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Publication numberUS4484272 A
Publication typeGrant
Application numberUS 06/398,195
Publication dateNov 20, 1984
Filing dateJul 14, 1982
Priority dateJul 14, 1982
Fee statusPaid
Also published asCA1193740A1, DE3379122D1, EP0099263A2, EP0099263A3, EP0099263B1
Publication number06398195, 398195, US 4484272 A, US 4484272A, US-A-4484272, US4484272 A, US4484272A
InventorsHoward H. Green
Original AssigneeBurroughs Corporation
Export CitationBiBTeX, EndNote, RefMan
External Links: USPTO, USPTO Assignment, Espacenet
Digital computer for executing multiple instruction sets in a simultaneous-interleaved fashion
US 4484272 A
Abstract
A digital computer executes a first instruction set in an interleaved fashion with second and third instruction sets, the latter two of which are executed at the same time. The first, second, and third instruction sets together represent an assignment statement of a high level programming language, such as ALGOL and COBOL, and by executing the first, second, and third instruction sets as recited above, a substantial improvement in the execution time of the corresponding assignment statement is attained. A second embodiment executes the first instruction set in an interleaved fashion with only the second instruction set to also achieve an improvement in execution time of the corresponding assignment statement.
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Claims(10)
What is claimed is:
1. A digital computer for executing a first instruction set in an interleaved fashion with second and third instruction sets both of which are executed at the same time, comprising:
means for fetching any instruction of said first set and for determining if the fetched instruction references two encoded addresses having the same predetermined code; said encoded addresses having address bits which locate respective items in a memory, and having code bits which identify the nature of said items; said predetermined code indicating the respective items are instructions in said second and third sets that compute addresses of two variables;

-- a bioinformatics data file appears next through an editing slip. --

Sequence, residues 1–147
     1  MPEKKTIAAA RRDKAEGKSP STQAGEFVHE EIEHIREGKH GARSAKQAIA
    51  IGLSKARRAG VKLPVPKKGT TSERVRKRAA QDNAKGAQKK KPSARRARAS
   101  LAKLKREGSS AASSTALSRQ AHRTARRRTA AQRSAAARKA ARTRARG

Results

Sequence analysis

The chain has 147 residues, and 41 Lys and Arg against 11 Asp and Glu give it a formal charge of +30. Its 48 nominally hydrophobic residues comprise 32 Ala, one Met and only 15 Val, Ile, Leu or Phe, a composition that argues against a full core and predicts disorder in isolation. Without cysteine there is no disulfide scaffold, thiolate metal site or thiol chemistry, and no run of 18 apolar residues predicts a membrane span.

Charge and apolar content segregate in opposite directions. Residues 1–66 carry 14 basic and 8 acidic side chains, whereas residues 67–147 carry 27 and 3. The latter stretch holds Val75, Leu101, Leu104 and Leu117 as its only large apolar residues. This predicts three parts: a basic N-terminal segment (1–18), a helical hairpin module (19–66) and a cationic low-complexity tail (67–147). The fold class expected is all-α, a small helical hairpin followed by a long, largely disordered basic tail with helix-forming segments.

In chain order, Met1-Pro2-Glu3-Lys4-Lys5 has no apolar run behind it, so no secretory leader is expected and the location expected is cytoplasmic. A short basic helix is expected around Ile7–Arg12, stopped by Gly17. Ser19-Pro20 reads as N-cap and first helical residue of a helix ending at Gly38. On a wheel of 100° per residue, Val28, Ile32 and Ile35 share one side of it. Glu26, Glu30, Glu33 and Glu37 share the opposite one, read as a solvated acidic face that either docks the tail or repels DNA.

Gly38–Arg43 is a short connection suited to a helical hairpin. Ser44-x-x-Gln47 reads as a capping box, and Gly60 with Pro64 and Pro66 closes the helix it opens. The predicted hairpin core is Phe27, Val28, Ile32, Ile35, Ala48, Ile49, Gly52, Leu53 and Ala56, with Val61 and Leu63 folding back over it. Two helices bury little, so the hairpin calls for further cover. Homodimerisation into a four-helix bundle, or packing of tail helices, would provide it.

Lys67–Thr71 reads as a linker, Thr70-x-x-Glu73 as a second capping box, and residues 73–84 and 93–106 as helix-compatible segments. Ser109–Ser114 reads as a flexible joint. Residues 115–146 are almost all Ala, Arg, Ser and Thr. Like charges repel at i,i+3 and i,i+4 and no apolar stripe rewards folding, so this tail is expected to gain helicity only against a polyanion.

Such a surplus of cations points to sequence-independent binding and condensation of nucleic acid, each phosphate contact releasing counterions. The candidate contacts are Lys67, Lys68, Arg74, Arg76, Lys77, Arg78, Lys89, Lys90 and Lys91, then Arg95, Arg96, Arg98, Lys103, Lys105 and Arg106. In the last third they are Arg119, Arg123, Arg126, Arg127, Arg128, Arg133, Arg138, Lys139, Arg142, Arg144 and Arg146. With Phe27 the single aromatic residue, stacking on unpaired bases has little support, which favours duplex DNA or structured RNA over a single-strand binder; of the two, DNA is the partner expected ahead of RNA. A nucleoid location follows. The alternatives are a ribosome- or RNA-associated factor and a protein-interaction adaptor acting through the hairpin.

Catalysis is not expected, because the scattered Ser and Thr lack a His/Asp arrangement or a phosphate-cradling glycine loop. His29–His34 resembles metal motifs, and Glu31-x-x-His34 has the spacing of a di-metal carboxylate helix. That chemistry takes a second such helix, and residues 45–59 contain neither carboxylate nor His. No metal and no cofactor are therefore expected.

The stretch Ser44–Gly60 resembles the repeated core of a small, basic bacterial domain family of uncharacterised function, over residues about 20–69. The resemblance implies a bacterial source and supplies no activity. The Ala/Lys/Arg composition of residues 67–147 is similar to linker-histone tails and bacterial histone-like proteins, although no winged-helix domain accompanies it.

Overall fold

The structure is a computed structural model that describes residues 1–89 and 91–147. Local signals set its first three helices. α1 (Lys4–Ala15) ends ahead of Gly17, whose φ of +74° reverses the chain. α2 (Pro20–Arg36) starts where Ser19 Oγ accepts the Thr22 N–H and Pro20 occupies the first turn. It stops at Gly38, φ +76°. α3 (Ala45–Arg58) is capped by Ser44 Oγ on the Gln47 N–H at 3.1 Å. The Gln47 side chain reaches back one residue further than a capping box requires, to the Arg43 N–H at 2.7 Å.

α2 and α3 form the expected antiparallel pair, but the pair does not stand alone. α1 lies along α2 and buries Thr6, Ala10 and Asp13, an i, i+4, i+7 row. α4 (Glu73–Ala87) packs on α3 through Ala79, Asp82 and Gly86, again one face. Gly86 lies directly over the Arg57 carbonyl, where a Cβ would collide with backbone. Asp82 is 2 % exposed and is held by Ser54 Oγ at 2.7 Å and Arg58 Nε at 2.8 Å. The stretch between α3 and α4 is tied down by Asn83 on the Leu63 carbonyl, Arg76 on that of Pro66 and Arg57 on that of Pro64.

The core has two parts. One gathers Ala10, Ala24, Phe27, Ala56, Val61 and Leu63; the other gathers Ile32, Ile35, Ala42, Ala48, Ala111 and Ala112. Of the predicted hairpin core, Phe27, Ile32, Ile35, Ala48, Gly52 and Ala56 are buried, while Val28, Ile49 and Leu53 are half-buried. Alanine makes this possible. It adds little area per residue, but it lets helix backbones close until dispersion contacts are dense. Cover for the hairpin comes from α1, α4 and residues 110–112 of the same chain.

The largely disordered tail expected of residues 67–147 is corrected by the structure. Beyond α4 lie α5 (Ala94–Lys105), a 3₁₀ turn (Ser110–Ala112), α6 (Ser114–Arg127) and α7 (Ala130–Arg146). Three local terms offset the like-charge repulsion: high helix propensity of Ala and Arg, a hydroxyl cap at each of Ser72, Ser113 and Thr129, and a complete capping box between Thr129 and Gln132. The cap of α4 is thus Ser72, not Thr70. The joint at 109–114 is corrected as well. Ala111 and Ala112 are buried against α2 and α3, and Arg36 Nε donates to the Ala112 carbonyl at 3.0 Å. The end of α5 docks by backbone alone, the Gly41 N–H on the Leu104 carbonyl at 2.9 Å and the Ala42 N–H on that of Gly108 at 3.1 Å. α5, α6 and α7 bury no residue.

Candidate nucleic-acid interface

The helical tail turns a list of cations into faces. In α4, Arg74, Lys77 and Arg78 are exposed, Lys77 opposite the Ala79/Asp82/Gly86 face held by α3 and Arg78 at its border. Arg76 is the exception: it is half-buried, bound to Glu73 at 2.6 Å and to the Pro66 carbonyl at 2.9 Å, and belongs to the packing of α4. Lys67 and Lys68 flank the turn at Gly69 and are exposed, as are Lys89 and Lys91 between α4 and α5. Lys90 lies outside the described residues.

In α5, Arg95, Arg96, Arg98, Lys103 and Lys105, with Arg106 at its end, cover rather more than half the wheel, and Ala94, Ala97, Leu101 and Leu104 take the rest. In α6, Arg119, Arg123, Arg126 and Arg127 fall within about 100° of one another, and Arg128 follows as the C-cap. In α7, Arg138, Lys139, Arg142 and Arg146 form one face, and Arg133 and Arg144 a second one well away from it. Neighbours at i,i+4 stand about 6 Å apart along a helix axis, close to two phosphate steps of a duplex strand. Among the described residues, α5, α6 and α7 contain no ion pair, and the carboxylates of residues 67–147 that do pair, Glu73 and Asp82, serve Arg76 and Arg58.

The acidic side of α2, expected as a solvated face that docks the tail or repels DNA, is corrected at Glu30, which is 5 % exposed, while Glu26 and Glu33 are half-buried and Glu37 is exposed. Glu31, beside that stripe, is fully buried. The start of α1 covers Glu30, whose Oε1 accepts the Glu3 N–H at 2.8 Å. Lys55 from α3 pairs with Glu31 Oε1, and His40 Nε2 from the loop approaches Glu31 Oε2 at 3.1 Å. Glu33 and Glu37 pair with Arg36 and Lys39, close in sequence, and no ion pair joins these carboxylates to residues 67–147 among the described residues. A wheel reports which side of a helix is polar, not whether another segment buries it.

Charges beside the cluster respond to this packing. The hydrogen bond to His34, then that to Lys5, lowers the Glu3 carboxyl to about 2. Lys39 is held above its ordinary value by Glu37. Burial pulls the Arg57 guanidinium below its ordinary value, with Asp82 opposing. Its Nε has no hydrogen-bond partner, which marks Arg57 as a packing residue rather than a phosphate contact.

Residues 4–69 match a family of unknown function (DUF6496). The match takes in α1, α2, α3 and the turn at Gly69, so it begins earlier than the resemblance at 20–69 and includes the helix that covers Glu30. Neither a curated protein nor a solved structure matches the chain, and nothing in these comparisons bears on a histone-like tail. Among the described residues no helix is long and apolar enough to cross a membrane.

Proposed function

means for temporarily suspending operations on said fetched instruction of said first set if its referenced encoded addresses have said same predetermined code, and simultaneously executing said instructions of said second and third sets as located by said address bits in said encoded addresses to compute the addresses of said two variables; and
means for continuing operations on said fetched instruction of said first set after said instructions in said second and third sets have been simultaneously executed by performing a mathematical operation specified by said fetched instruction on said two variables.
2. A digital computer according to claim 1 which further includes a pair of independent bus means which serially couple together said means for fetching and determining, said means for temporarily suspending and simultaneously executing, and said means for continuing operations.
3. A digital computer according to claim 1 wherein said means for temporarily suspending operations on said fetched instruction and simultaneously executing said instructions of said second and third sets include a pair of means which respectively execute said instructions of said second and third sets in parallel.
4. A digital computer according to claim 1 and further including means for bypassing the execution of said instructions of said second and third sets and for inhibiting the suspending of operations on said fetched instruction of said first set if said code bits in said two encoded addresses have another code different from said predetermined code indicating the respective address bits directly locate said two variables in a memory.
5. A digital computer according to claim 1 wherein said means for temporarily suspending operations of said fetched instruction of said first set and simultaneously executing said instructions of said second and third sets includes a means for computing the addresses of respective indexed variables as the addresses of said two variables.